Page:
The first test (Leguèbe et al., 2012) showed that the MM/CG approach is able to preserve the receptor/ligand complex structure observed in the crystal structure, as well as to provide dynamical and hydration information similar to the AA simulations, but at a lower computational cost. Complementarily, the second test (Leguèbe et al., 2012) confirmed that the agreement between the MM/CG and AA simulations observed in the first test is not due to the use of a common initial structure and, furthermore, demonstrated the predictive power of the MM/CG approach even when starting from a wrong binding pose. Nonetheless, the two previous tests can be considered as redocking experiments: even though the system was converted from AA into hybrid MM/CG [test (i)] or the ligand was moved out of place [test (ii)], the binding residues were already positioned as in the correct binding pose. Instead, the third test (Marchiori et al., 2013) validated the reliability of the MM/CG approach applied to low resolution models, as the ones used for the bitter taste receptors discussed in the next section. In such models, the orientation of the side chains is expected to be hardly accurate, due to the low sequence identity with the template used in the homology modeling (Chothia and Lesk, 1986; Baker and Sali, 2001; Eramian et al., 2008; Olivella et al., 2013; Piccoli et al., 2013; Busato and Giorgetti, 2016). Indeed, the homology model of the β2-adrenergic receptor (built using as template the experimental structure of squid rhodopsin) shares only a 20% sequence identity with the target and thus docking of the ligand S-carazolol resulted in a wrong binding pose. However, the ~0.8 μs MM/CG simulation is able to yield a binding pose showing receptor/ligand interactions similar to the crystallographic ones (Marchiori et al., 2013).
Predictive Power of the Computational Models of Chemosensory Receptors
In order to investigate the performance of bioinformatics and multiscale simulations in predicting receptor/ligand interactions in chemosensory receptors, we selected those receptor/ligand pairs for which experimental data are available (Fierro et al., 2017). As of August 2017, these included seven olfactory receptor/odorant complexes and fifteen bitter taste receptor/bitter tastant complexes with available site-directed mutagenesis data and functional assays, typically agonist dose-response curves. The docked receptor/ligand complexes were obtained using the bioinformatics protocol described in the Materials and Methods section, whereas the three MM/CG simulations analyzed (for the complexes TAS2R38/6-n-propylthiouracil, TAS2R38/phenylthiocarbamide and TAS2R46/strychnine) were taken from previous studies from our group (Biarnés et al., 2010; Marchiori et al., 2013; Sandal et al., 2015).
In order to compare the computational models with the experimental data, we defined “computational binding” and “computational non-binding” residues, as well as “experimental binding” and “experimental non-binding” residues (Fierro et al., 2017). Computational binding and non-binding residues were determined based on the receptor/ligand distance (using a cutoff of 5.5 Å) and the presence or absence (respectively) of an actual chemical interaction (such as hydrogen bonds, salt bridges, hydrophobic or aromatic interactions, etc.). Experimental binding residues were inferred from experiments based on (i) the effect of the mutation on the half maximal effective concentration (EC50) value and (ii) their position in the upper extracellular part of the receptor, where the canonical binding site of class A GPCRs is located (Venkatakrishnan et al., 2013). Residues whose mutation does not change EC50 and/or that are located in the lower intracellular part of the receptor are considered as experimental non-binding residues. Obviously, this is a simplistic definition of binding residue, as from the experimental data we cannot discard that these residues might also be involved in receptor activation (see reference Fierro et al., 2017 for further discussion).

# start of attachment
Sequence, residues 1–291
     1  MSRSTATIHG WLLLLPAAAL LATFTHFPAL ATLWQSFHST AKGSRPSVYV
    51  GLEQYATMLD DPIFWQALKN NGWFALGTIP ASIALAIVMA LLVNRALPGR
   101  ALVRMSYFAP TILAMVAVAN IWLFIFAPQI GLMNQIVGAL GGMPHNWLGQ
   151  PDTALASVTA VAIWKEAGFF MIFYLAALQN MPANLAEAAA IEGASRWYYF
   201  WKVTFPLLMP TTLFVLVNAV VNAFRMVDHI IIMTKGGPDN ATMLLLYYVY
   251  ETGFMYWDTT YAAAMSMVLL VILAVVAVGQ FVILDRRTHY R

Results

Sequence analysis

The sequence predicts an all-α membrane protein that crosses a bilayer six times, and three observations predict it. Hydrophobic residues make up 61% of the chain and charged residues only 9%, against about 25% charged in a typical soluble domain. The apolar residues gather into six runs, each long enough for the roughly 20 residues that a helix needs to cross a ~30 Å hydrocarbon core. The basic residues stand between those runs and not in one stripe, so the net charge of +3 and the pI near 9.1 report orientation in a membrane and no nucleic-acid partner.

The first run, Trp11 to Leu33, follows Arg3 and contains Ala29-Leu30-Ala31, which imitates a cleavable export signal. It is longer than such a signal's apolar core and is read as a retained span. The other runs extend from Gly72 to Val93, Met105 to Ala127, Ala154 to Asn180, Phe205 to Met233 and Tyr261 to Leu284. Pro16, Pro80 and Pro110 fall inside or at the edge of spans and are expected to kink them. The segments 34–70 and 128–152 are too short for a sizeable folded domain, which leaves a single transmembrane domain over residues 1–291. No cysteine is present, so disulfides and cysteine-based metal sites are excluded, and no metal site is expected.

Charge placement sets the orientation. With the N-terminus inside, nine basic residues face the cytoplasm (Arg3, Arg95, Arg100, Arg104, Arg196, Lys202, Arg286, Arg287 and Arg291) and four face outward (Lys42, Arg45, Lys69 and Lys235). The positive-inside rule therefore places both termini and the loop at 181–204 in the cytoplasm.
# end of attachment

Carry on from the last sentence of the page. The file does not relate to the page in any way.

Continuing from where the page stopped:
Comparison of the computational and experimental residues yielded four different possible test outcomes. “True positives” (TP) were amino acids identified as binding residues by both experiment and computation, “false positives” (FP) were amino acids identified as non-binding residues by experiment but as binding residues in computation, “true negatives” (TN) were amino acids identified as non-binding residues by both experiment and computation, and “false negatives” (FN) were amino acids identified as binding residues by experiment but not in computation. In order to assess the agreement of the computational models with the experimental data, two statistical parameters, precision (PREC) and recall (REC), were calculated:
These parameters are close to 1 when the computational predictions were consistent with the experimental data, and zero when they were not. Precision and recall values were calculated for the best docking poses of the twenty-two complexes investigated and for a representative snapshot of each of the three MM/CG simulations analyzed (Fierro et al., 2017).
We found that the predictive power of the bioinformatics approach varied from complex to complex. Nonetheless, the general agreement between the binding residues identified in the docking poses and those inferred from experiments was low, with only 36% of the predictions consistent with experiment (Fierro et al., 2017). Residues shown experimentally to be important for binding were not observed in the docked complexes (i.e., low recall) and/or residues not involved in protein/ligand interactions according to experiments were predicted as binding residues by computation (i.e., low precision). Most likely, this is due, among other factors, to the low sequence identity (<20%) between the chemosensory receptor targets and the available GPCR templates, as well as the limited sampling of the docking algorithms. Therefore, although the bioinformatics-based models are a good starting point to study ligand binding determinants in chemosensory receptors, they appear to require further refinement (Fierro et al., 2017). This finding is consistent with the results of the GPCR Dock competitions, which indicated that models based on sequence identity below 30% need substantial improvement in order to reach accuracy comparable to experimental structures (Kufareva et al., 2011, 2014).